You hear the lyrics, “In the arms of an angel…” Then quickly change the channel. That’s what some viewers will automatically do when they hear that beginning of Sara McLachlan’s beautiful song, “Angel.” The commercials for the American Society for the Prevention of Cruelty to Animals, or ASPCA, provide an emotional appeal that makes most people hysterically cry when they see the animals who are victims of abuse. Unfortunately, some individuals will find themselves avoiding this commercial to resist bawling their eyes out, instead of donating to the charity. The emotional visuals are what make this ad effective to all animal lovers and even some people who do not like animals as much. A huge way to allure more viewers is visual persuasion. This is how the ASPCA commercials get viewers …show more content…
But it is important to understand the purpose of this campaign and the story behind these animals suffering. ASPCA commercials persuade viewers to donate to their charity in order to help these abused animals find better living situations. Since 2006, this commercial has been on almost every television channel, to the point that it has been a bit overplayed. The intended audience for this advertisement would most likely be middle aged adults who are animal lovers. However, with this type of emotional appeal, it is beginning to bring forth non-animal lovers to participate in this donation as well. Viewers with prior experiences with their own pets will be touched the most by this commercial. For example, people who care and treat their own pets as children will be extremely saddened to think of anything that terrible ever happen to their pet. Not only have these animals been abused, but they have been neglected and some starved. Although the commercial sometimes prevents viewers from watching it to resist being upset, it has been very successful in reeling people in to this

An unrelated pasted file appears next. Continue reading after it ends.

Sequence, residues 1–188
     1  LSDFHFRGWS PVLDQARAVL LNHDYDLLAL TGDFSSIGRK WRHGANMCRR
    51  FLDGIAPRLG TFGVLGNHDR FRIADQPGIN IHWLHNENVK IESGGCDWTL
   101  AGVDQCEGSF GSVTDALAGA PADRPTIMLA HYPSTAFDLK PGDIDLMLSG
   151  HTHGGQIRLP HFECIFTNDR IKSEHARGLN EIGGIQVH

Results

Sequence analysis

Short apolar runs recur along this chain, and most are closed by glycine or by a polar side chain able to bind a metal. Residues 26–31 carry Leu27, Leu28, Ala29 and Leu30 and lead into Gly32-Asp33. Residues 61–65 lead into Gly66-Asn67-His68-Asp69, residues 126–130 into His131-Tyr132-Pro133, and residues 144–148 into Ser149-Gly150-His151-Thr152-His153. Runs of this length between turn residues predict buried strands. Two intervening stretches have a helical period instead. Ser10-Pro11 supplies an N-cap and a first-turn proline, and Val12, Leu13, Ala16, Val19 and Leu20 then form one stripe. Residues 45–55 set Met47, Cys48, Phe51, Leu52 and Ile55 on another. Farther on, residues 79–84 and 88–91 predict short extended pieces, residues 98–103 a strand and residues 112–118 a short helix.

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The ad's goal is to encourage viewers to donate to the ASPCA, and it is successful in doing so because of its emotional impact. Due to the heavy use of pathos and a slight use of ethos, the ASPCA commercials persuade viewers very effectively to donate to their organization despite not really having much of an argument as to why
This commercial is incredibly heartwarming and cinematically beautiful, set in a field of flowers with a beautiful mountain range in the back, this commercial is designed to evoke an emotional reaction. Obviously, producers of this commercial used pathos, the rhetorical device that takes advance of people’s emotions to convince them. By featuring dressed up pets running around, it evokes a warm and fuzzy feeling, one that people are most likely to remember the next time they are shopping for